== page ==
Here’s a recap of our live coverage of this evening’s Evanston City Council special meeting on the 2021 budget.
The meeting started at 5:33 p.m.
A packet with information on tonight’s agenda items is available online.
Mayor Steve Hagerty discusses the message he issued late this afternoon on the COVID-19 pandemic — urging people stay home.
No announcements from the city manager.
4 people signed up. So 3 minutes each.
Mike Vasilko wants to extend the budget discussion until Nov. 30. Wants more layoffs to avoid tax increase.
Jamie Collier, 6th Ward, praises city for working to catch up on underfunded public safety pensions. Suggests with recent relatively high investment returns city now could cut back a bit on its contributions.
Public comment ends at 5:56 p.m.
Mayor notes that budget was introduced last Monday and is scheduled for final adoption next Monday, Nov. 23.
SP1 – 2021 budget discussion
City Manager Erika Storlie says have gotten a lot of feedback and will be discussing various issues tonight.
Pension actuary, Jason L. Franken, gives presentation on public safety pensions.
Says pension plans are about 50% funded now and city has a plan to, over the next 20 years, get to having the plans 90% funded.
Says the statutory approach to funding pensions in Illinois is “extremely flawed.” Offers analogy to only making minimum payment on a credit card bill and seeing the debt increase.
Says are funding more than the statutory minimum — but need to increase it even more to reduce future liabilities.
Says city has $240M in unfunded liability in the two plans.
In response to a question from Alderman Don Wilson, 4th Ward, says roughly 70 percent of the total pension payment is to make up for liabilities not covered by prior years’ payments.
Storlie discusses scenario for funding the alternatives to policing pilot program from further cuts in the Police Department. Suggests in addition to previously planned elimination of 11 police officer positions and holding one position vacant also hold vacant one additional police officer and a records input operator. That would amount to about $200K in savings to fund the alternatives pilot.
That and $50K reduction in funding for senior services would reduce the proposed property tax increase to 4.5%. (Tax increase was originally proposed at 5.9% and more recently was reduced to 4.9%.
Wilson says doesn’t want to cut pension funding — just buys us a tax increase for many years into the future, he says. Calls the pensions the city’s single biggest financial threat.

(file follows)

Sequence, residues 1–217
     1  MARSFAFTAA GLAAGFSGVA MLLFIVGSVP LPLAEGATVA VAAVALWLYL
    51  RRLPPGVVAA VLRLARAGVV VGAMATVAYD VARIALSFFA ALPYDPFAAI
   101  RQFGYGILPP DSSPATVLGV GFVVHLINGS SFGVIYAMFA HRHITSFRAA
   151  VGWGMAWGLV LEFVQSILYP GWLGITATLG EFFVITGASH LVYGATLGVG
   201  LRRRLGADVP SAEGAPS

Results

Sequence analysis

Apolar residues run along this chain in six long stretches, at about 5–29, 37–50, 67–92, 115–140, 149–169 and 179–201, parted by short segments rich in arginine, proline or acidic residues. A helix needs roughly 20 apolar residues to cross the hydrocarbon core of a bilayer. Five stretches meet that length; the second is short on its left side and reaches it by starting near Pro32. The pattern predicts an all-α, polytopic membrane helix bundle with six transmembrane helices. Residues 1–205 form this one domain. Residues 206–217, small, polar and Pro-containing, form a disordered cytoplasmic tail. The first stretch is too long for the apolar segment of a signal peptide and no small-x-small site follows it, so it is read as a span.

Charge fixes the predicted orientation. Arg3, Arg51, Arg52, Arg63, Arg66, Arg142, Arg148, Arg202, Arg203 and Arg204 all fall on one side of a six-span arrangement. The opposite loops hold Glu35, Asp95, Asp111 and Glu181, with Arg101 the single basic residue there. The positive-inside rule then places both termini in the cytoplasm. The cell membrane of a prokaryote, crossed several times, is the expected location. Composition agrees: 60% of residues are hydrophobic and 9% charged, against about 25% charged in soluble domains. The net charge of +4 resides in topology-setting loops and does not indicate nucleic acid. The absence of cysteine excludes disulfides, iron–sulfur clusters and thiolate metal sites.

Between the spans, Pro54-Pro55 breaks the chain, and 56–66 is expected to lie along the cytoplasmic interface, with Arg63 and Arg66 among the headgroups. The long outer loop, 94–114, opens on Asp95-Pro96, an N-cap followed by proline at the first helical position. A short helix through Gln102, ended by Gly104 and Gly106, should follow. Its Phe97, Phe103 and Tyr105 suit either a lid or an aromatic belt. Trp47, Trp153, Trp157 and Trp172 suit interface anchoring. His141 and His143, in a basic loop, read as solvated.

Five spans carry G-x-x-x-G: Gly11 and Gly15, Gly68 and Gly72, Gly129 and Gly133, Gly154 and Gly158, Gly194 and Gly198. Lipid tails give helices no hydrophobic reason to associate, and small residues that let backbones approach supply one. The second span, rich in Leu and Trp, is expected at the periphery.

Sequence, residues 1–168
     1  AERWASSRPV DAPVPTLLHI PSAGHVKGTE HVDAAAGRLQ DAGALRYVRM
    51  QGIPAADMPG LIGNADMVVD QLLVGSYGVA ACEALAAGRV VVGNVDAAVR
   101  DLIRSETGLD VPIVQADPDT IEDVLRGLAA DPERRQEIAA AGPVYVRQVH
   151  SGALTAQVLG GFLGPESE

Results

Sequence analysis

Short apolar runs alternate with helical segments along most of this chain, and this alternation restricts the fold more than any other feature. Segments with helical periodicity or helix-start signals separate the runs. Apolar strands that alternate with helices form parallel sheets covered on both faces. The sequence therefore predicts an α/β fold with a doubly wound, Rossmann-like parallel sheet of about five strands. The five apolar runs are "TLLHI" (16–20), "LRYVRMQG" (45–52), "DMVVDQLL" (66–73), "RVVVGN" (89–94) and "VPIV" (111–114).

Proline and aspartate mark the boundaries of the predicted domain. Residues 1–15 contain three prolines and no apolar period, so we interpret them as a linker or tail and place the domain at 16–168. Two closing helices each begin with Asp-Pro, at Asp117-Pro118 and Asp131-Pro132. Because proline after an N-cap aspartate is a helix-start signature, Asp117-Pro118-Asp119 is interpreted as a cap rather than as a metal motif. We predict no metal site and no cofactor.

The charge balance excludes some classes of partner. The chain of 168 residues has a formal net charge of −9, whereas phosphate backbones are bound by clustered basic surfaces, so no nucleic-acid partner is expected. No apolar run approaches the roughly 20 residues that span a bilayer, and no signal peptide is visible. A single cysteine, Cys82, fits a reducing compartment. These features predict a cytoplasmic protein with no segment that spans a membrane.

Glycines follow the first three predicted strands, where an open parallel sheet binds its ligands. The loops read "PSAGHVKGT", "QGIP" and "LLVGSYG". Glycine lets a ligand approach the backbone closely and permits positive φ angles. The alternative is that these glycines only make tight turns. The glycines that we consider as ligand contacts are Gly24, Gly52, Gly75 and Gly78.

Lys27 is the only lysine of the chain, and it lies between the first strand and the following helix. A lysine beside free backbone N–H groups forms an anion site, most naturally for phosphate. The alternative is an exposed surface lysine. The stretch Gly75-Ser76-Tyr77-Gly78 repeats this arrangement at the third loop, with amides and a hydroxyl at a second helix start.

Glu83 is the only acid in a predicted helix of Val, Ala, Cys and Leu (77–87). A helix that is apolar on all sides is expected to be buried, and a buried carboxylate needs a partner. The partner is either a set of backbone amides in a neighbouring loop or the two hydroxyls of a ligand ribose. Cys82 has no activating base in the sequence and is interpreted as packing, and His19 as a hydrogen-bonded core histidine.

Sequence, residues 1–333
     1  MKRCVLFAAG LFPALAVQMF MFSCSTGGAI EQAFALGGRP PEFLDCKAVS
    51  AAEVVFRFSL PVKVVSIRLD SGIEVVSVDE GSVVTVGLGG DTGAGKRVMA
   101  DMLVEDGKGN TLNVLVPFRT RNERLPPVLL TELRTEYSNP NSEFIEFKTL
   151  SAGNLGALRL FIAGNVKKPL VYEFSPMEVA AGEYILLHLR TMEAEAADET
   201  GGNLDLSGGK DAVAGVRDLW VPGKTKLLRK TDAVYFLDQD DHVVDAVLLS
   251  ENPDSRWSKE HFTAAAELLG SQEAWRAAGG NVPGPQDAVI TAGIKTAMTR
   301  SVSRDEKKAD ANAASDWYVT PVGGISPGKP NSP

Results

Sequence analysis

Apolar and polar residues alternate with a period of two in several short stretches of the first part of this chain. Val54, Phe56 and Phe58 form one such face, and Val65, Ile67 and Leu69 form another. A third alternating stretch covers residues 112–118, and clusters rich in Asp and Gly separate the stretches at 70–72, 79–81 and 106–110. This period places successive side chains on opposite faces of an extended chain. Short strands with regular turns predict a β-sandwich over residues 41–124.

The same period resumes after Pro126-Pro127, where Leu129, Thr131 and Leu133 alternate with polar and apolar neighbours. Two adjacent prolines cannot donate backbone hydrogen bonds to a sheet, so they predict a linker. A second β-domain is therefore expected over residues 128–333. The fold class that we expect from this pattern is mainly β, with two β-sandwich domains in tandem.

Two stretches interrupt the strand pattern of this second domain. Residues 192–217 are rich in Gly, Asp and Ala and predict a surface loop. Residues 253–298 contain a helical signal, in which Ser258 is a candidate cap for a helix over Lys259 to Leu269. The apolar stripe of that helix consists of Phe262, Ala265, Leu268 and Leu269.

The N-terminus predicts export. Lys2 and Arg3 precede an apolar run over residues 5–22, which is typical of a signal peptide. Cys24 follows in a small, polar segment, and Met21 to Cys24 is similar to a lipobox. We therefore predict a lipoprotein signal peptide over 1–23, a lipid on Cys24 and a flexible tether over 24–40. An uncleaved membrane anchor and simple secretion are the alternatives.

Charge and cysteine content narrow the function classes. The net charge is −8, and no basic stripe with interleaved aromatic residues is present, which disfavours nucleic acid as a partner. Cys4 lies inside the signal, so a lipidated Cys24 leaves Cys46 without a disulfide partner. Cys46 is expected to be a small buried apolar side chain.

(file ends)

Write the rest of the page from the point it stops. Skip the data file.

Alderman Cicely Fleming says she wants to cut the tax increase even more — even at the expense of reducing pension contributions.
Alderman Ann Rainey, 8th Ward, says report from fire chief says unreimbursed cost for fire calls at NU is $658K a year. Says NU “gets away with murder” and can’t continue to get free fire service any more.
Alderman Eleanor Revelle, 7th Ward, says she’s persuaded of the need for the pension funding level to avoid bigger property tax increases in the future.
Alderman Melissa Wynne, 3rd Ward, praises the pension presentation. Agrees with Wilson and Revelle that should not take a step back in terms of pension payment levels. Says that would just make it worse for everyone in Evanston very quickly.
Praises effort by staff to reduce spending.
YouTube feed of City Council meeting died just as Alderman Judy Fiske, 1st Ward, was starting comments at 7:19 p.m.
Feed returns about 7:22 p.m. … with Fleming saying training is not the be-all and end-all of solving problems with police.
Storlie says in response to question from Rainey that permitting video gaming could raise $150K in tax revenue. Wilson says that as he recalls, residents would lose a huge amount of money from the games in order to generate that revenue. Rue Simmons asks for info about gaming addiction, other possible consequences.
In response to question from Rue Simmons, Storlie says to eliminate the remaining $2.5M in property tax increase would likely have to lay off 25 more employees, figuring average cost of salary and benefits is about $100K per person.
Storlie says staff is already pretty bare bones and would be difficult to make further cuts, but she’ll prepare a memo on the issue with some details.
Suffredin asks about selling city assets. Storlie says wants to look at that more closely for the 2022 budget. Have a large backlog of maintenance and capital costs on existing buildings, and more buildings require more staff.
Storlie says need to rebuild general fund balance — the rainy day fund — so that the next crisis doesn’t cause as much disruption.
Rue Simmons asks the mayor to get Northwestern University to increase its good neighbor fund by $2 million for this year. (The school is contributing $1M for this year already, has targeted the funds to racial equity programs.)
End of discussion.
Call of the wards
Wynne … suggests staff should do more of the review on windows and siding issues that now are addressed by the Preservation Commission (to reduce delays). Also asks about leaf blower complaints — says she gets them about once a day. Wants staff to develop materials re air and noise pollution from gas powered leaf blowers. Sees it as a climate action issue. Also says parents are complaining with students at home about three leaf blowers going on the block.
Suffredin … tomorrow at 7 p.m. joint 2nd, 5th and 6th Ward meeting on the budget.
Revelle says environment board has been talking about leaf blowers — possible five year plan to phase them out.
Fleming … shared safety visioning session on Wednesday at 5:30 p.m.
Meeting adjourned at 8:03 p.m.